Politics, because top-level decisions are not always made based on purely technical arguments. Going back to graphics API-s, Microsoft decided to push its next-generation low-level Direct3D 12 into Windows 10 only, while Khronos Group defined Vulkan as an open, multiplatform standard. Google was rumored to design its own graphics API, was even asked by John Carmack not to do so, and it finally returned to the negotiation table with Khronos, so Android N will support Vulkan as well. Apple chose different path and did design its own graphics API - Metal. Similarly, in the GPGPU field, OpenCL is a widely supported standard, but NVIDIA succeeded in promoting its own, vendor-specific API: CUDA. HSA is yet another such initiative, led by a foundation. Among its members are: AMD, ARM, Imagination, Qualcomm, Samsung and many others, but the list lacks some big players, like Intel or NVIDIA. So developing software technology is a little bit like doing politics - "Am I strong enough to go against the others or do I need to seek allies?"

And finally, the law. Specifications of programming languages and API-s are somewhat like acts passed by the government. They are written in natual language, but should be as unambiguous as possible, precisely defining each term, specifying what is allowed and what is not. Doing something against the specification is like breaking the law - it may go unnoticed, it may even give you an advantage (like programmers notoriously relying on signed integer overlow in C++, despite formally it's an undefined behavior), but you may also "get caught" (and get a compilation error or invalid results from your program). On the other hand, a compiler or API implementor not complying to the specification is more serious problem - it's like a state official breaking the law against you. You may just accept your fate and go away (equivalent of not using broken feature and looking for some workaround) or you may report it (so the bug will be fixed in new compiler/driver/library version).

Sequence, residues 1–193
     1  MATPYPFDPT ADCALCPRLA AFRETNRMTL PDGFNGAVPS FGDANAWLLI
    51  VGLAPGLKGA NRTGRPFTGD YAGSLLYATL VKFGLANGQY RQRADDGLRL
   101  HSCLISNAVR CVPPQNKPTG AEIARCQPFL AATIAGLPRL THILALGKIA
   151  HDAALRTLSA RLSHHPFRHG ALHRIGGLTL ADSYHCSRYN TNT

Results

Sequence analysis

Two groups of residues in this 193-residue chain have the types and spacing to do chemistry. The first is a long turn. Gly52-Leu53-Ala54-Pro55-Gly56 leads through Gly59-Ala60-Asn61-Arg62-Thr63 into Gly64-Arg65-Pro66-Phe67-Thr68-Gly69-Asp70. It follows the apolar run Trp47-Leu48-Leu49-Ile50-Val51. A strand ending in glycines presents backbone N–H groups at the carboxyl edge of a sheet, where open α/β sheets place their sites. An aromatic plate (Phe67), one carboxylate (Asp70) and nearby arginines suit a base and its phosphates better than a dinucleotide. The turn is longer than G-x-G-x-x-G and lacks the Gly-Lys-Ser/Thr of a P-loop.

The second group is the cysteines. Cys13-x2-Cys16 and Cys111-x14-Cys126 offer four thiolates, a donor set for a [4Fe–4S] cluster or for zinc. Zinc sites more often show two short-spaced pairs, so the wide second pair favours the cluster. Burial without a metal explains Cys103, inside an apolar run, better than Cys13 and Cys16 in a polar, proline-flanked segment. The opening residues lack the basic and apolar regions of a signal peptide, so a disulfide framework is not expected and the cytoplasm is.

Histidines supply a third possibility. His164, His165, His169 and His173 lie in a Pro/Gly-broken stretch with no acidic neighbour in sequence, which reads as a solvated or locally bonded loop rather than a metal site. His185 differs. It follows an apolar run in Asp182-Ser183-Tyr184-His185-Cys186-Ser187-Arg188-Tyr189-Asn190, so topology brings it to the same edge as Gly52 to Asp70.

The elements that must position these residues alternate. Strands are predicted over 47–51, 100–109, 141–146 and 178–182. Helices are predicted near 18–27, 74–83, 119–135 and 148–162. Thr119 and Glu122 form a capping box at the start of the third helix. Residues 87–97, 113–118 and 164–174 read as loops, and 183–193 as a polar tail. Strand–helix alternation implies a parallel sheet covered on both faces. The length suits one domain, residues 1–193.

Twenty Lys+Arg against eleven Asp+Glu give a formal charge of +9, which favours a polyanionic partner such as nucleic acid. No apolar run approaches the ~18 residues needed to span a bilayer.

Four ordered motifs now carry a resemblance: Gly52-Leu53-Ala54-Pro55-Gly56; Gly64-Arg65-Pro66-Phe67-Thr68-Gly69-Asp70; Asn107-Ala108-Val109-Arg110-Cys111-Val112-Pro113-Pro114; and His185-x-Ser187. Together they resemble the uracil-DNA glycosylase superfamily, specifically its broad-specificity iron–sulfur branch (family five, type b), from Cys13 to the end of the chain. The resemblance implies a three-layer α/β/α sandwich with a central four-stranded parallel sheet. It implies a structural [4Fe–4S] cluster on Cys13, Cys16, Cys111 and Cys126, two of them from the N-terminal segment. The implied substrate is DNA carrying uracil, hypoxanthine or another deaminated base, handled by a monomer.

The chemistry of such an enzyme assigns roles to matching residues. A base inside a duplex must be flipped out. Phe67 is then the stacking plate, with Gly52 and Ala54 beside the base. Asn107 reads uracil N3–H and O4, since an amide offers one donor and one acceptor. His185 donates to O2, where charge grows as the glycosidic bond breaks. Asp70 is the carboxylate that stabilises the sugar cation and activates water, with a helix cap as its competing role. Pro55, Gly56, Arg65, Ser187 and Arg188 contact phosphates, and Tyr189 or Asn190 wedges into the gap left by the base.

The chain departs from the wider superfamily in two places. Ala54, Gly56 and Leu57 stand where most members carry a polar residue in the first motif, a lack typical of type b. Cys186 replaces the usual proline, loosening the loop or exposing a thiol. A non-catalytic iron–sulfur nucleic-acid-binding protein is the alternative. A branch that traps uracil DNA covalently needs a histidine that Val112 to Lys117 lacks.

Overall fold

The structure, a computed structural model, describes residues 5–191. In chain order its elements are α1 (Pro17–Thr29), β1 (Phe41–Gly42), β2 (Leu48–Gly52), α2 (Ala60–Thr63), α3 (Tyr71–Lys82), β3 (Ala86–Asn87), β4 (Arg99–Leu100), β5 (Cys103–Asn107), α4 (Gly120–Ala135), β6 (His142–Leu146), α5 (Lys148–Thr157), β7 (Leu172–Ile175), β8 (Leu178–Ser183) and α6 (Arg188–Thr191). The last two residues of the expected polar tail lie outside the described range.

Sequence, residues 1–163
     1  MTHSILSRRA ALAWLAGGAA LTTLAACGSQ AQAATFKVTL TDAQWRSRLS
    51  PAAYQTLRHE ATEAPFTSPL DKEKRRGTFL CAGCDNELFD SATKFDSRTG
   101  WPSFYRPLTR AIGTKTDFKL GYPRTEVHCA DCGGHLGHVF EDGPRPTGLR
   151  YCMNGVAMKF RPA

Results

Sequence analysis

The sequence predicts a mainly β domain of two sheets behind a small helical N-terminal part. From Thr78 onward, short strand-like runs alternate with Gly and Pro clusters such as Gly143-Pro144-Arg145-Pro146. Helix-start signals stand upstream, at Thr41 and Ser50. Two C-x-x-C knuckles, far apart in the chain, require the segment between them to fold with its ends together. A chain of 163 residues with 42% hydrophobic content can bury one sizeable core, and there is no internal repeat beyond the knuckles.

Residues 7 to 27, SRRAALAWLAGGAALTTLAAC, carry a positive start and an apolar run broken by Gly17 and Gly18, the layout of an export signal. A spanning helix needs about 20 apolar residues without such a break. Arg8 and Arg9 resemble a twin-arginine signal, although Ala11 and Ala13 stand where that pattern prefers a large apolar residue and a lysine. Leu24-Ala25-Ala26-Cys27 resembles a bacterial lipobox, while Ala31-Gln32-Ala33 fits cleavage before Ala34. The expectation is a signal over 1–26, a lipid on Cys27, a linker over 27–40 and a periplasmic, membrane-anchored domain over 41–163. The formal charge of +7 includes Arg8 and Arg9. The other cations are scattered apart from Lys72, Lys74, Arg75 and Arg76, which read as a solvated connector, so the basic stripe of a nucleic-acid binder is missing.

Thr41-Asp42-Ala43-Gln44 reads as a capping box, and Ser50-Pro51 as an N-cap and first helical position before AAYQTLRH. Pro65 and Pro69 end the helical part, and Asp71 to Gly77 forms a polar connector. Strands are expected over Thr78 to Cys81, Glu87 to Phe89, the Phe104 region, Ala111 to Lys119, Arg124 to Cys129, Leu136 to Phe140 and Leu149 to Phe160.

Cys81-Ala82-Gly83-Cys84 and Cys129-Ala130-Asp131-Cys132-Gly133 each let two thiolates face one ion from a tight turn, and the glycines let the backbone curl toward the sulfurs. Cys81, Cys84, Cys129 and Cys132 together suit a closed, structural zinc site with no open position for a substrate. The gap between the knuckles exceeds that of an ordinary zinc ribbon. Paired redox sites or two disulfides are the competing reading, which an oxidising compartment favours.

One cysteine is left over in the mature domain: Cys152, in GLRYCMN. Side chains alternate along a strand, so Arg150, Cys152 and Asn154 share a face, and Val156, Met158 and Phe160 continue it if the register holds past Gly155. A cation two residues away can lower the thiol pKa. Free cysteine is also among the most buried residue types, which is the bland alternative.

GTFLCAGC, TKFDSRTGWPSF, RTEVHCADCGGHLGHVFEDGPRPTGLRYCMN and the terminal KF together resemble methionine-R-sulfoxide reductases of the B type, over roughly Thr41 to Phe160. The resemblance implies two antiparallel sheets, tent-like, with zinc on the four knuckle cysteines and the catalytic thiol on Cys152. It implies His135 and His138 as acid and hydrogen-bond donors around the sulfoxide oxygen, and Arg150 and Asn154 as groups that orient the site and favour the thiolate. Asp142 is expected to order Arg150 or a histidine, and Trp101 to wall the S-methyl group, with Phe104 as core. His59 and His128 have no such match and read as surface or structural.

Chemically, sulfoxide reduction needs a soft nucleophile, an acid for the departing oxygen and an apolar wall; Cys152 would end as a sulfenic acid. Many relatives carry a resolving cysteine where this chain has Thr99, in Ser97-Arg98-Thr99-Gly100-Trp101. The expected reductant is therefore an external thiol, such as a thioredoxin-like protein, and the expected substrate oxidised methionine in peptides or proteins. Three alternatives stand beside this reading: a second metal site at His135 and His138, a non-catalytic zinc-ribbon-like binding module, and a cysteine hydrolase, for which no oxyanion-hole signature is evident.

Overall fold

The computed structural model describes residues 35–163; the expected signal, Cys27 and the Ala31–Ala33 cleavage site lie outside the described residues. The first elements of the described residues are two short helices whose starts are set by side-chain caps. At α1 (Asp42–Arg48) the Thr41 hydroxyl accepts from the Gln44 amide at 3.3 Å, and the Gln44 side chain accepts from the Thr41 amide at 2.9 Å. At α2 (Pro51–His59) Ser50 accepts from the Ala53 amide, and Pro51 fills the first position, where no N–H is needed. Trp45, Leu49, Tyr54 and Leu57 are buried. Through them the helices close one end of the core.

So although software engineering is a scientific/technical discipline, I think that on a higher level it can be compared to some degree to humanities like history, politics or law.

Comments (0) | Tags: philosophy | Author: Adam Sawicki | Share

02:15
Sun
03
Apr 2016

RegScript 2 - Parameters Framework

On April 1st I've read a very interesting blog post that doesn't seem like April Fools' joke: Game Development Needs Data Pipeline Middleware. I fully agree with the author. There is a code very much needed in every game engine, game editor and other graphics/music/media applications, written over and over again - the one about storing, editing and serializing data structures of various kinds (basically all objects that make up the state/document/game level of a program), each having a set of parameters of various types (integers, floats, strings, vectors, arrays etc.) - so it makes sense to create a library for it.

I (as probably every game developer) already tried to create such framework many times. Now I decided to share the source of my last attempt: RegScript2 @ GitHub. It is not finished and some design decisions I've made may seem controversial, but at least we could start discussion about the solution. What do you think about it? Feel free to e-mail me at sawickiap__REMOVE__@poczta.onet.pl, comment this post or read and interact with my code on GitHub.

Comments (0) | Tags: libraries | Author: Adam Sawicki | Share

20:34
Thu
31
Mar 2016

Sztukato 2016 - Festival of Arts and Fashion